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Mafalda Vital Batista1, Marina Escobar2, Pedro Campos3, Joana Arcângelo4, André Grenho4, Joana Ovídio5, Patrícia Rodrigues5, Delfin Tavares5

1. Centro Hospitalar de Setúbal - Hospital Ortopédico de Santíago do Outão, Setúbal, Portugal
2. Centro Hospitalar do Barreiro-Montijo, Barreiro, Portugal
3. Hospital de Vila Franca de Xira, Vila Franca De Xira, Portugal
4. Centro Hospitalar Lisboa Central - Hospital Curry Cabral, Lisboa, Portugal
5. Centro Hospitalar Lisboa Central - Hospital Dona Estefânia, Lisboa, Portugal

- Poster, Congresso Europeu de Ortopedia, Viena, 29 de Maio a 1 de Junho de 2017

Background: The Segond fracture is a lateral knee injury and is associated with other lesions, such as ACL rupture (partial or complete) in the majority of the cases (75-100%). It is a rare condition in children and adolescents and in these cases it is usually associated with avulsion of the tibial spines, being rare the intrasubstance rupture of the Anterior Cruciate ligament (ACL).
Case Presentation: The authors present a case of a 14-year-old girl who suffered an accident after falling when she was doing parkour, resulting in knee trauma. She was taken to the emergency department of our institution and the observation showed knee edema and difficult in bearing weight and mobilizing the knee. The performed radiograph showed a lesion possibly compatible with a Segond fracture. A knee Magnetic Resonance Imaging (MRI) was performed and confirmed the presence of a partial rupture of the ACL. Surgical treatment was decided with arthroscopic surgery. Partial ACL rupture was observed. There was the need to convert to open surgery and, at this time, was observed lateral colateral ligament (LCL) avulsion on the lateral face of the external tibial plateau. It was decided to fixate the LCL avulsion with suture anchor. At the end of the surgery, there was a slight antero-posterior ligamentar instability (but increased stability in respect to initial examination), and conservative treatment was decided in relation to the partial rupture of the ACL.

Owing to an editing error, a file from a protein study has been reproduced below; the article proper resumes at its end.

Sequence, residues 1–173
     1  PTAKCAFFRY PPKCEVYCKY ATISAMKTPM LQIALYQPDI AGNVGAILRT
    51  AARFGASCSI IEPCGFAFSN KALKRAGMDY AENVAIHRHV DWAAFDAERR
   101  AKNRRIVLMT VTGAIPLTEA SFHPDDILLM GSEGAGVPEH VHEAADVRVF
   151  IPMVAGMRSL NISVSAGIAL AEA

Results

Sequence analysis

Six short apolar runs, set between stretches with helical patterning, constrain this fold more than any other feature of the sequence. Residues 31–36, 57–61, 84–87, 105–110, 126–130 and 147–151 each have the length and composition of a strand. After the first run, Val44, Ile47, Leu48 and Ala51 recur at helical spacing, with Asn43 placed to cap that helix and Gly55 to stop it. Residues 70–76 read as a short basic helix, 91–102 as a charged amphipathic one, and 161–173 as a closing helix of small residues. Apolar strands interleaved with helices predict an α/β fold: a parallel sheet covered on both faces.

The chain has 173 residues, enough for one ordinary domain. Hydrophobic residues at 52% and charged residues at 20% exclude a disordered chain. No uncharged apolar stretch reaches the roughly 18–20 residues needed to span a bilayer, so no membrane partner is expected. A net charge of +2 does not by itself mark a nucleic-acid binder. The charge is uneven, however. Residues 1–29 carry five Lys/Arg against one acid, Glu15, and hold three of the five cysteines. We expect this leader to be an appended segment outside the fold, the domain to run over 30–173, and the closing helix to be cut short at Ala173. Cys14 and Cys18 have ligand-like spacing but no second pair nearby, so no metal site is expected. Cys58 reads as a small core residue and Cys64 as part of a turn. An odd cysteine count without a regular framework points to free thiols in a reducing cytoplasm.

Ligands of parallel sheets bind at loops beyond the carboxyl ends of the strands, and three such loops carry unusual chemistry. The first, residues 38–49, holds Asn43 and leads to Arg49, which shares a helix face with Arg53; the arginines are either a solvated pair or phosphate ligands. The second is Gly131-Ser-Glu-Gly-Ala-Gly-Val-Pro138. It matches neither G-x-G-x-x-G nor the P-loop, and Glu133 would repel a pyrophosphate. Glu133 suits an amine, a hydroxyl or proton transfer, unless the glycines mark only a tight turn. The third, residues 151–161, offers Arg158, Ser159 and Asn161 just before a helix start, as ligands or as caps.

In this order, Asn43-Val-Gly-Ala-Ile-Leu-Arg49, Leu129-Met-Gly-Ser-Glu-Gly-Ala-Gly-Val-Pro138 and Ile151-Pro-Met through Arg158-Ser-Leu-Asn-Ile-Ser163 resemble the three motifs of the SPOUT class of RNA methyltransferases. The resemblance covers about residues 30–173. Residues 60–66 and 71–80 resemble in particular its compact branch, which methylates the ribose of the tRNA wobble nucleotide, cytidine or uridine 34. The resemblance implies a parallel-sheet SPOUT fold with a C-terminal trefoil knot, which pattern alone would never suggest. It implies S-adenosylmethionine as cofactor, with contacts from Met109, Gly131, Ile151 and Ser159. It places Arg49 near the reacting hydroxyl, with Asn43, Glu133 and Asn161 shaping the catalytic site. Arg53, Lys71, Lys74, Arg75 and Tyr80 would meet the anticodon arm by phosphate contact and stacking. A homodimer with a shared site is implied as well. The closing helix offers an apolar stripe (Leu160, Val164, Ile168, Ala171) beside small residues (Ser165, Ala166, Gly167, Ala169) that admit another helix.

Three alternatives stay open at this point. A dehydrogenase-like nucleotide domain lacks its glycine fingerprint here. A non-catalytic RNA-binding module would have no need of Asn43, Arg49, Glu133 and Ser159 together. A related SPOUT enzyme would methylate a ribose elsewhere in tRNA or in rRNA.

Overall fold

Outcomes: After the surgery, the patient had indication for non weightbearing and knee orthosis blocked in extension and with varus-valgus block. Initiated range of motion at 2 weeks, initially limited to 30o for 2 weeks, then increased to 60o and started 0-90o at 6 weeks. In this phase also started protected progressive weight bearing. There was a fracture consolidation and at the 6-month follow-up visit there was slight anteroposterior instability with positive anterior drawer sign, without lateral instability and negative meniscal tests.
Discussion: This type of fracture is rare in our clinical practice and is therefore an interesting case. The decision by surgical treatment was made by the presence of a great antero-posterior and lateral instability. Although the fracture itself is small, the extensive ligamentous injury associated with it usually requires surgical intervention. After fracture fixation, the stability was again tested, showing an increase in stability, despite the partial rupture of the ACL. The need to convert from arthroscopic surgery to open surgery is due to the fact that we may not see this type of lesions, because of their rarity. The risk of not treating this type of injury is essentially the chronic instability of the knee, mainly the rotational instability.

Palavras-chave: Segond Fracture, ACL Rupture, Arthroscopy, Suture Anchors